Q: That’s also when you started doing participatory action research. What is that, and why is it helpful when studying marginalized groups?
A: The idea is to explicitly involve the people who are affected by a particular issue as co-researchers in studying that issue. People who live day-to-day with armed conflict, for example, have different knowledge and experiences than university researchers, so we involve them in deciding on the research questions and methods, analyzing the results, determining how and where our findings should be disseminated and then deciding what kind of advocacy or activism can emerge from those findings. So instead of speaking for marginalized people, we create conditions where their voices are heard.
Q: Can you give me an example?
A: In one project, I worked with a mixed group of youths – tribals and non-tribals. The risk of violence in an ethnically mixed group was so high that I couldn’t ask them, “What do you think about the ethnic violence?” so I asked them about issues in the community instead. They began to see that many of the problems they struggled with – lack of infrastructure, education and career opportunities – were not limited to a particular ethnic group.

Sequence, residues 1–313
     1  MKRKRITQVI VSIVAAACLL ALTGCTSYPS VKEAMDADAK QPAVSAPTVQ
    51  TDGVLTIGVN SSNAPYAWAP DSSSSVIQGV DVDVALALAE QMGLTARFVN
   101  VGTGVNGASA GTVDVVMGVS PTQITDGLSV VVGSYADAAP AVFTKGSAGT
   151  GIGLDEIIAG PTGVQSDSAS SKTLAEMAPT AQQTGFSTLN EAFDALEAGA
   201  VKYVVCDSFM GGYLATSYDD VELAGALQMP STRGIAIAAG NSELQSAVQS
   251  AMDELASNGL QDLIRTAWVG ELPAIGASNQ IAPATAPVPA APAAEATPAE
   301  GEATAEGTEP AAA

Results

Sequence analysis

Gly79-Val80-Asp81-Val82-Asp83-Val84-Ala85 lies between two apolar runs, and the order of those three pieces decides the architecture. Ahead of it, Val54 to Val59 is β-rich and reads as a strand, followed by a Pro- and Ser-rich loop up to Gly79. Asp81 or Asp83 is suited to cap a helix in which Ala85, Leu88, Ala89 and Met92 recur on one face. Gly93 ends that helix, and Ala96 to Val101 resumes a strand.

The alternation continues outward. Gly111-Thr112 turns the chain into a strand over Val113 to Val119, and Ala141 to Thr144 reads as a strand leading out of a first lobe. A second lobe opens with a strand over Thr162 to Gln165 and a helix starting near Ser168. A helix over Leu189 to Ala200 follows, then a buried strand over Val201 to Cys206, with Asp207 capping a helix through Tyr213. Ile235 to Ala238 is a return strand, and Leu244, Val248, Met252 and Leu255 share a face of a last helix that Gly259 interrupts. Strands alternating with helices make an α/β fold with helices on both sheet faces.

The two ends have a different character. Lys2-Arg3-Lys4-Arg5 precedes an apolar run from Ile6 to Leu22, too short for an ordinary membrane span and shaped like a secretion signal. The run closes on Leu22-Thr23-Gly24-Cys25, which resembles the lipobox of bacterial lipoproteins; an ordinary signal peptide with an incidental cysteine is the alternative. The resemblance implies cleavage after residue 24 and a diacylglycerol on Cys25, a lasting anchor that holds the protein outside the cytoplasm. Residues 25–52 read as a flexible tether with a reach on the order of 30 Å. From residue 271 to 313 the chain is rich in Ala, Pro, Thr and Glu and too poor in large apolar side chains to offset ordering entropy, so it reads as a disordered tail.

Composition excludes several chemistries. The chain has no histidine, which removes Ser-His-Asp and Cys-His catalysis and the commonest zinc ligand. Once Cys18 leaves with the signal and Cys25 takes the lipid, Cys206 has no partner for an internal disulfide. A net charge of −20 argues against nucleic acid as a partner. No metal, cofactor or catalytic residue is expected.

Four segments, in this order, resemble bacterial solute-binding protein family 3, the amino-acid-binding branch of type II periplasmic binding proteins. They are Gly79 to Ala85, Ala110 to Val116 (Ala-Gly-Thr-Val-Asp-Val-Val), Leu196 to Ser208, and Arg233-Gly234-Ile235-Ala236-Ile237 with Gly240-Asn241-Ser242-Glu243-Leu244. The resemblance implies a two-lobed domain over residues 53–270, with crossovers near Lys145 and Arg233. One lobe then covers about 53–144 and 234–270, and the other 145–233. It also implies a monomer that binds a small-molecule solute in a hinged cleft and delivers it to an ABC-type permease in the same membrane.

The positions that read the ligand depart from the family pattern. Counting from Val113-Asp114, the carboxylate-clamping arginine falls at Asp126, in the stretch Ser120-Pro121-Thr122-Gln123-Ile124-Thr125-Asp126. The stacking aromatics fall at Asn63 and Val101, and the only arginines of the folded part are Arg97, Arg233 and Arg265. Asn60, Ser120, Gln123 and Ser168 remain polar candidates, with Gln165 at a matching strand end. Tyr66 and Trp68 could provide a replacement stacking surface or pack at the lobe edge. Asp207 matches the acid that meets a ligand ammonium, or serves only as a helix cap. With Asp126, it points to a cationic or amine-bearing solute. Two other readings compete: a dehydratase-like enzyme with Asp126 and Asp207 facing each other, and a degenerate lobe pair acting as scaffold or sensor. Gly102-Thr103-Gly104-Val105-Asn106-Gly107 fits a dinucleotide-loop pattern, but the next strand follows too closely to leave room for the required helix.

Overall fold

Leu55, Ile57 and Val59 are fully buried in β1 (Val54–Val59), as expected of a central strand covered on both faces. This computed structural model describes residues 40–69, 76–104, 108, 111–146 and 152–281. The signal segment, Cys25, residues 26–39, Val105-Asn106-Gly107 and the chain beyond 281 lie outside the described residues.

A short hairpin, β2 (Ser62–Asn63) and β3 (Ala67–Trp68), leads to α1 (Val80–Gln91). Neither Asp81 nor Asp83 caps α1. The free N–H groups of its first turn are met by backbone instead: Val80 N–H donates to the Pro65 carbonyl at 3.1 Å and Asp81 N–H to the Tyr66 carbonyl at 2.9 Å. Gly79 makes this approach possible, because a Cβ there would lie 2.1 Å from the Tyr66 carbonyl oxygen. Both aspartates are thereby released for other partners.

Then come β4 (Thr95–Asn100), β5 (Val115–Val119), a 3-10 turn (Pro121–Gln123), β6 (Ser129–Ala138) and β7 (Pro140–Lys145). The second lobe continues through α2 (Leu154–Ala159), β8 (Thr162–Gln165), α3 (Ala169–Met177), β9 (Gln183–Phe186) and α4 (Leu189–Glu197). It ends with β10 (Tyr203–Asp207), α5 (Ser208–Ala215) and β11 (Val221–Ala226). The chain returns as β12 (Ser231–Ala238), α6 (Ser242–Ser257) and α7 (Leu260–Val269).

They decided to do a community survey and ask ordinary people about the problems they faced, what their aspirations were and what their visions were for an ideal Garo Hills. As we identified themes in the responses, I used that to encourage the group members to share their own experiences – and that became a safer way to talk about the ethnic violence.
The group presented the survey results at a community forum and went on to work on various projects. The project built solidarity among them. They also recognized the importance of social critique and how research is a powerful tool to engage in that.
Q: How does that work inform your teaching here?
A: When you are dealing with violence that is entrenched, institutionalized and everyday – what we call “structural violence” – the way you think about peace also has to be more everyday and sustainable, building on community strengths instead of just reacting to incidents of violence. So I developed a graduate course, “Everyday Peace,” using the participatory action research model to help students think about peace as social justice and community-building here on campus and in their communities. We’ve had radically different, action-oriented projects each time I’ve taught the class because each cohort of students is different.